To progress consistently and break PRs (personal records) you need to follow a well-structured program. When I say program, I am referring to more than a workout split; I am referring to a complete program that addresses four key pillars of strength: nutrition, weight training, mobility, and supplementation. This article will serve as an introduction into each of these PR-BREAKING pillars.
Calories are energy stored in the foods we eat. The number of calories you eat, termed caloric intake, will determine whether you gain or lose weight. If you eat more calories than you burn (a surplus or hypercaloric intake) you gain weight; if you burn more calories than you eat (a deficit or hypocaloric intake) you lose weight. This fundamental principle is what dieting to produce physique changes is built upon.
Achieving optimal results requires controlling caloric intake more precisely than simply creating a surplus or a deficit. When targeting fat loss, setting your caloric intake too low can result in lean mass loss and decreased performance. When focusing on gaining muscle, setting calories too high can result in excessive fat gain. To optimize body composition changes and maximize performance, caloric intake must be monitored and controlled while progressively adjusting based upon progress.
The foods we eat supply calories in the form of three macronutrients: protein, carbohydrates, and fats. Protein and carbohydrates each contain 4 calories per gram while fat contains 9 calories per gram. Each macronutrient has unique metabolic properties and functions in the body and therefore different dietary intake requirements.
Protein intake is critical due to its role in protein synthesis and repair. A combination of hypocalorism, insufficient protein intake, and drastic caloric deficit, can result in the loss of lean mass. Similarly, a combination of hypercalorism and insufficient protein intake can impede lean muscle gains. As a general guideline one should consume 1 gram of protein per pound of body weight (more specifically 1.05-1.41g protein/lb lean mass).
Once protein intake is set, the remainder of calories is distributed between carbohydrates and fat. Carbohydrate and fat intake is set in accordance with goals, food preference, and individual response to each nutrient (i.e. some people respond better to high/low carb diets). Furthermore, reducing carbohydrates too low can hinder performance and reducing fats too low can negatively affect mood. Therefore, a BALANCED diet that supplies sufficient amounts of all three macronutrients is ideal.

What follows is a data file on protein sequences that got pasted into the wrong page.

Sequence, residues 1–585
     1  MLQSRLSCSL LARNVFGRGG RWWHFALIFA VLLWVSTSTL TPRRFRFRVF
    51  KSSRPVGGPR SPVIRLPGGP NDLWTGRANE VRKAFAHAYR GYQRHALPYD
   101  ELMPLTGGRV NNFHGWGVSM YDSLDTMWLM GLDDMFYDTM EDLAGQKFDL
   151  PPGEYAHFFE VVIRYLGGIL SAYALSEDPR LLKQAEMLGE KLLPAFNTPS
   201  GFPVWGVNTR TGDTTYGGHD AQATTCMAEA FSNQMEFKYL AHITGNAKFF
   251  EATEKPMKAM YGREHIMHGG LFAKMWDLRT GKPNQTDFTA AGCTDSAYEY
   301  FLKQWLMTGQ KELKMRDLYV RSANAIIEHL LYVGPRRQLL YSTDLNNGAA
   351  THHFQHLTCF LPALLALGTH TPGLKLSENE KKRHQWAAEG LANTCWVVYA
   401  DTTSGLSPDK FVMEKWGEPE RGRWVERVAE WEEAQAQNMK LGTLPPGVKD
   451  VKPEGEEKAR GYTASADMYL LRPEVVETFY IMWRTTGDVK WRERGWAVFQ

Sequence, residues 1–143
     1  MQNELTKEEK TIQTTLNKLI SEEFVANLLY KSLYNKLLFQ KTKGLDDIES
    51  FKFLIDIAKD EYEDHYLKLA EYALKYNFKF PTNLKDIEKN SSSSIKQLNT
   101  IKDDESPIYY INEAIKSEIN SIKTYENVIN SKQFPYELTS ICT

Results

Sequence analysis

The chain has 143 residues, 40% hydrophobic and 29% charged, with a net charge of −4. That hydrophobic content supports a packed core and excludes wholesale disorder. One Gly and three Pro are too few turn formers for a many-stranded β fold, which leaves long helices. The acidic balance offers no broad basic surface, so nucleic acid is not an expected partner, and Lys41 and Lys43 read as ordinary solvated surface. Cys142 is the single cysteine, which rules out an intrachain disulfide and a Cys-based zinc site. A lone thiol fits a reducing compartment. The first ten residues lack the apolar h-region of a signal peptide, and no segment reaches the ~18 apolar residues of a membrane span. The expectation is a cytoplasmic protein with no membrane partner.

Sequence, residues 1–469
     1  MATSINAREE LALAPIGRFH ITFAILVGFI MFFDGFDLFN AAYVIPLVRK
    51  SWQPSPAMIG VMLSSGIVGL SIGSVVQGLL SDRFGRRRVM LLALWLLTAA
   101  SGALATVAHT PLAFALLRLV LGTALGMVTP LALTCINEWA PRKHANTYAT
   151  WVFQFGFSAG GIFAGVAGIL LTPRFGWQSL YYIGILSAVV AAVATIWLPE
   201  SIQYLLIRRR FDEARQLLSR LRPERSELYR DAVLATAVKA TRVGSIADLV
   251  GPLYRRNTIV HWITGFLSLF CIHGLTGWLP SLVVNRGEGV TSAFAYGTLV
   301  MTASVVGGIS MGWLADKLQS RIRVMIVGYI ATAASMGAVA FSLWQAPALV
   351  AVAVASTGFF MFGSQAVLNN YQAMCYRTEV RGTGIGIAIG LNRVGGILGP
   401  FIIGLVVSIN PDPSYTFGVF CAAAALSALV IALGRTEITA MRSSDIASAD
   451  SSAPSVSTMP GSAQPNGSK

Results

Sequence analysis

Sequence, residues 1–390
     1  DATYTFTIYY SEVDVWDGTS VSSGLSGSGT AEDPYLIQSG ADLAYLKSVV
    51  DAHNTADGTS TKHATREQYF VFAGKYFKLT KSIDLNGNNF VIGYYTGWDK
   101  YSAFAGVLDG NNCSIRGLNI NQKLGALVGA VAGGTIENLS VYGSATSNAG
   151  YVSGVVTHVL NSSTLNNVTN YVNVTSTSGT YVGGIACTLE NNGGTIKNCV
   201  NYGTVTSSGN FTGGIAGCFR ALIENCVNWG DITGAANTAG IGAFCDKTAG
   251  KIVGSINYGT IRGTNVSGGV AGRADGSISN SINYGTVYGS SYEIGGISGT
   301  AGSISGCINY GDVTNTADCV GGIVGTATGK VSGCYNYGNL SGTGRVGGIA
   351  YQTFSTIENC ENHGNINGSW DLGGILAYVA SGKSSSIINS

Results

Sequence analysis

Monitoring and controlling your caloric and macronutrient intake is imperative when looking to maximize results. If you do not know how many calories and macronutrients you are eating, you cannot accurately make changes to your nutrition program when your progress stalls.
The best way to monitor your caloric intake is by utilizing a food scale. This tool allows you to precisely measure food in ounces and grams. While it may seem inconvenient to measure your foods, doing so is the only effective way to accurately tracking your caloric and macronutrient intakes.
A training program should be structured with individual workouts that work in conjunction together towards a long-term goal and results. Anyone can design a workout routine to cause fatigue and make you feel tired. Feeling tired does not mean the workout was productive towards your long-term goal unless your goal is to simply burn calories. The three primary principles of an effective training program are (1) specificity, (2) progressive overload, and (3) adherence.
If you want to get better at something, then you must do it; weight training is no different. This is known as the SAID Principle.
SAID Principle = Specific Adaptation to Imposed Demands
A training program should be structured to accomplish a specific goal. If your goal is to increase your 1-RM squat strength, then you need to include low rep squat training in your program. If you want your shoulders to get bigger then you need to include shoulder exercises in your training program. That may seem straightforward and self-explanatory, but often one’s program is not structured optimally to accomplish their goals.
Muscle hypertrophy and increased strength are adaptations to overload beyond what the body is accustomed to with weight training serving as the stimulus. If the training stimulus never increases and you simply do what your body is accustomed to, then there is no reason for your muscles to get bigger or stronger. This is the principle of progressive overload.
Principle of Progressive Overload = lifting heavier weights and/or completing more reps with a given weight over time.